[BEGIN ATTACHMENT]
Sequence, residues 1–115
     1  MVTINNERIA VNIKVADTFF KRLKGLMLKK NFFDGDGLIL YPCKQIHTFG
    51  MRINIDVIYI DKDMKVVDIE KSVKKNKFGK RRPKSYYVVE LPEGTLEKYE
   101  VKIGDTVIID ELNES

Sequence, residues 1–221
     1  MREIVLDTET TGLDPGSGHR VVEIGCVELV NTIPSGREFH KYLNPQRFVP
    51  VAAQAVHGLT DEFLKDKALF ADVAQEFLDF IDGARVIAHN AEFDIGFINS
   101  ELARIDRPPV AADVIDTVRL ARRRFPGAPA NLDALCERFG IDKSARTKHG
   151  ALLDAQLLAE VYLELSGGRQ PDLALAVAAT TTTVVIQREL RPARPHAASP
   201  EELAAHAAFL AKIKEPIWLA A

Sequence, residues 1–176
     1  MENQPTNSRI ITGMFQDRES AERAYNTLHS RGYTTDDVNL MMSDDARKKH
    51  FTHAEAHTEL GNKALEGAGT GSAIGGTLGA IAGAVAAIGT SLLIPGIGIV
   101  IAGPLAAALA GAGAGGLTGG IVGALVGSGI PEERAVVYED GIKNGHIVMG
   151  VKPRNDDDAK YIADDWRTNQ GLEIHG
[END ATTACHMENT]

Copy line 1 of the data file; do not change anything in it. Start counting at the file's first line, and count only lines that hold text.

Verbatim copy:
Sequence, residues 1–115